“Most abortions result from failed contraception,” admitted Joyce Arthur, founder and executive director of the Abortion Rights Coalition of Canada, earlier this year.
Arthur’s statement parallels a prediction made in 1973 by Dr. Malcolm Potts, former medical director of the International Planned Parenthood Federation, who said: “As people turn to contraception, there will be a rise, not a fall, in the abortion rate.”
Given the abundance of empirical evidence to refute the claims that widespread contraception improves women’s health and reduces abortion, why do these myths endure? Because, says Peter Kwasniewski (’94), a professor of theology at Wyoming Catholic College writing for Truth and Charity Forum, the demand for contraception stems not from medical need, but spiritual poverty:
Better health coupled with an unbounded desire to share God’s gifts of love and life should naturally have led, in modern times, to larger and healthier families than in the past. The fact that this has not happened indicates the dark side of the motivation behind the development of modern technology. Contraception means spiritual death, the death of the natural “love affair” with life.
In the battle over marriage, procreation, and the defense of life, we must realize that we are up against a combination of metaphysical nihilism and spiritual egoism vastly more powerful than any human army or political system — a demonic corruption of mind and heart, which sound education and the example of a life well lived can prevent from spreading, but which ultimately will refuse to be driven out except by prayer, fasting, and martyrdom.
Sobering words — and a call to prayer!
Writing in the Cardinal Newman Society’s Catholic Education Daily, Timothy Drake has conducted a rare interview with Sr. Mary Josefa, OSB (Kathleen Holcomb ’07), of the Benedictine Sisters of Mary. The Sisters’ Advent at Ephesus album of sacred music topped Billboard’s Classical Music Chart for six weeks last year, and the community has recently released a new album, Angels and Saints at Ephesus. In his interview, Mr. Drake asks Sr. Josefa about her experience at Thomas Aquinas College and about the role of liturgy, sacred music, and Catholic identity in higher education.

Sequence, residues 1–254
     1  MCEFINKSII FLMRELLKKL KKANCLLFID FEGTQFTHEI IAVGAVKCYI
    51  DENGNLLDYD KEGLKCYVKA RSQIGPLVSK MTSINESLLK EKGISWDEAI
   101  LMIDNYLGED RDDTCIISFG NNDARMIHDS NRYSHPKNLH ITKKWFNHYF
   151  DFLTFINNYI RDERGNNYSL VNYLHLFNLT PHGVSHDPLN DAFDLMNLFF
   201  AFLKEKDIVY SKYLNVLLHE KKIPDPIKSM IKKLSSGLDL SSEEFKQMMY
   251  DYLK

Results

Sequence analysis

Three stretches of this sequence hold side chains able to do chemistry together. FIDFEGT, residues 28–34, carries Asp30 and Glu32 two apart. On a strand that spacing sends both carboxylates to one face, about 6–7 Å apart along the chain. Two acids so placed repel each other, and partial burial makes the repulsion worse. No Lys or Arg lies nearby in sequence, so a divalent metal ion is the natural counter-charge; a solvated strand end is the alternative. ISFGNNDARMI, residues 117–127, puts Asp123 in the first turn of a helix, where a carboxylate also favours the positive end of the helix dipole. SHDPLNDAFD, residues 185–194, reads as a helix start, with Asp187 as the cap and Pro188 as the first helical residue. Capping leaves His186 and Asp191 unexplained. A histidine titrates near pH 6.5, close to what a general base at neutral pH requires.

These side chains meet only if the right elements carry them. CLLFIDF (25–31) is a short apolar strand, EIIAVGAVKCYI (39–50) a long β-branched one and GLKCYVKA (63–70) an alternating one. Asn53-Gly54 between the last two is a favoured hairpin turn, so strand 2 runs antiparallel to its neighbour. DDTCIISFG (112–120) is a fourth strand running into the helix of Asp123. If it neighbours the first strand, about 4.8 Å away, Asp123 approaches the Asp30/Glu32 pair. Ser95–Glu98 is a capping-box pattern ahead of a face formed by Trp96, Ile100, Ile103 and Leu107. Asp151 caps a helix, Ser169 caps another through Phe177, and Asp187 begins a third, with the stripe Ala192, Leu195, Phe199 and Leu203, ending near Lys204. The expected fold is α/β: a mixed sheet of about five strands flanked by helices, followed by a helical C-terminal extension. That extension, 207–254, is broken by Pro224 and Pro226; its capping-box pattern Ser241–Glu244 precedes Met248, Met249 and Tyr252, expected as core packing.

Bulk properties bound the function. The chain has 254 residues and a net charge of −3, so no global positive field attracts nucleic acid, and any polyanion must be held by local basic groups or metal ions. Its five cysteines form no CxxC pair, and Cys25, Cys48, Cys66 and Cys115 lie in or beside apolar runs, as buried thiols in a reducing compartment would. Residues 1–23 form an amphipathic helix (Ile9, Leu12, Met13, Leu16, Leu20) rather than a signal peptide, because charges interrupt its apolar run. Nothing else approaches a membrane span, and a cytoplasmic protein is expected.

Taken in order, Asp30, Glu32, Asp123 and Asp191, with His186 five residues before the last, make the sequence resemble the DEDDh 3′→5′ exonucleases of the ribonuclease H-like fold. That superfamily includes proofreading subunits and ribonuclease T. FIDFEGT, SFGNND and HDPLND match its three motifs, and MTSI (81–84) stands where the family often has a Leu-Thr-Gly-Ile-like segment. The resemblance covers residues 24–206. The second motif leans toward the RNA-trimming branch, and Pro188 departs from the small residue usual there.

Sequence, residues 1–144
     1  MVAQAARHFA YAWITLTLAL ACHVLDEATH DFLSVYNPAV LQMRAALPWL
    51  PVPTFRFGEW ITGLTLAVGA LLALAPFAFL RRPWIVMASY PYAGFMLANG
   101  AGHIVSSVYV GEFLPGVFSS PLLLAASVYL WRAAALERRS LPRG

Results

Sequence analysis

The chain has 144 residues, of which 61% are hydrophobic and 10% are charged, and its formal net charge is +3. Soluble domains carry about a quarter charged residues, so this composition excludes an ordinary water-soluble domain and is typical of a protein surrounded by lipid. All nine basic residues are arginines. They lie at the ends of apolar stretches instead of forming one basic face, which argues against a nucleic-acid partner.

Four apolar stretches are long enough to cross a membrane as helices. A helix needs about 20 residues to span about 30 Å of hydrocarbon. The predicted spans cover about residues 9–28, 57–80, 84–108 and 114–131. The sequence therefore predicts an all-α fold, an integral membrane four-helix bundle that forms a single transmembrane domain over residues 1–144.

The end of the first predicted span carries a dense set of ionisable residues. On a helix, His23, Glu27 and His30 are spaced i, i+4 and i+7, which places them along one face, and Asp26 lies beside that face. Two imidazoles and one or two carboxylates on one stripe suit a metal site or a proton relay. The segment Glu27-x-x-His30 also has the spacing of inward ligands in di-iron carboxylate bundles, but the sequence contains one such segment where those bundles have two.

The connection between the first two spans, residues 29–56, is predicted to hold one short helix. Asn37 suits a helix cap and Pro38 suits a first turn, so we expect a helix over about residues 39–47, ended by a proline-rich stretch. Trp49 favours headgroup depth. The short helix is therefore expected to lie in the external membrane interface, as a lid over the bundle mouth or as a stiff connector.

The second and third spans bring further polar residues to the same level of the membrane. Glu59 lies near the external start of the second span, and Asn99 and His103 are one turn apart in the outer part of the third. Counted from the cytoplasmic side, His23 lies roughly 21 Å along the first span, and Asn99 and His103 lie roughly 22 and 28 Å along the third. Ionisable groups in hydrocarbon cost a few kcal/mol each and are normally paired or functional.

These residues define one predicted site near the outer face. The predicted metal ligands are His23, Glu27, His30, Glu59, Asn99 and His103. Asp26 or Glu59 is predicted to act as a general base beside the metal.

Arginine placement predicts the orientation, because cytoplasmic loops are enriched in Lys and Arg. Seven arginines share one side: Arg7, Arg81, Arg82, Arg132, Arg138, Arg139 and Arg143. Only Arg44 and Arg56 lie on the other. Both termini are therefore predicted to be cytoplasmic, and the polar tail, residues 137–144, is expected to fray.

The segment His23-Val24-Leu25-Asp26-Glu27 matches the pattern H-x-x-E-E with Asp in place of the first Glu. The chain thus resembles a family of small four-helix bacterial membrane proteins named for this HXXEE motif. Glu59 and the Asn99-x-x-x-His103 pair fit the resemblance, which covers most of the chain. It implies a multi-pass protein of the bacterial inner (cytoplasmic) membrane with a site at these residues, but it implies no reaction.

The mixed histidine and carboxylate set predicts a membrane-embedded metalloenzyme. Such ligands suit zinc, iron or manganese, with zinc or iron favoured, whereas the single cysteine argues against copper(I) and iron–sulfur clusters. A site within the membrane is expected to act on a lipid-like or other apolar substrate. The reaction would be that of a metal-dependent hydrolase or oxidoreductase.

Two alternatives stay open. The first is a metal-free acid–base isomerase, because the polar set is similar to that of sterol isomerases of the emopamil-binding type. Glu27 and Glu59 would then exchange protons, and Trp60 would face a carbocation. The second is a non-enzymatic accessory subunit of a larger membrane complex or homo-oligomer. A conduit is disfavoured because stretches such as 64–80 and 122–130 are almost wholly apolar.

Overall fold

Among Sr. Josefa’s notable responses is her explanation for why she chose the College:
I chose to attend Thomas Aquinas College because it integrated classical and Catholic education; I was fascinated by the liberal arts program, with its consideration and discussion of original sources, introducing the student to the perennial questions with which mankind has always grappled, but I was further drawn by the Catholic identity of the school, which orders this program of studies in order to lead the student from the contemplation of created truth to the contemplation of God Himself.
Sr. Josefa also describes how the College enriched her spiritual life:
At TAC, I was blessed to be part of a community that was really unified and ordered by its Catholic identity. I attended daily Mass and Rosary with my teachers and fellow students; the chapel was the central point of the campus and teachers and students always would stop on the way to or from class for a visit; everyone acknowledged senior theology as the culminating point of the curriculum to which all the other classes were ordered; in these and countless other ways, I experienced a community that recognized that the invisible realities are more real, more important than the visible ones. Naturally, this greatly nourished the inclination that I had had to religious life since I was young. Many of my fellow students were also drawn to religious life as a result of the strong Catholic community and contemplative program of studies, and having peers considering a vocation really strengthened my own.
The full interview is available via Catholic Education Daily.
After 15 years in the home-inspection business, Philip Halpin ('97) has joined the StoryTel Foundation, which produces Catholic documentary films about people and organizations who answer God’s call to “restore the sacred.” In that capacity, he has co-produced, co-written, and edited Where Heaven Meets Earth, a documentary about St. Peter's Church in Omaha, Neb. — a once-failing urban parish transformed by a young priest who was determined to embrace the whole of Catholic tradition.
The documentary, the trailer of which is available above, recently appeared on EWTN. DVDs are available via the StoryTel website.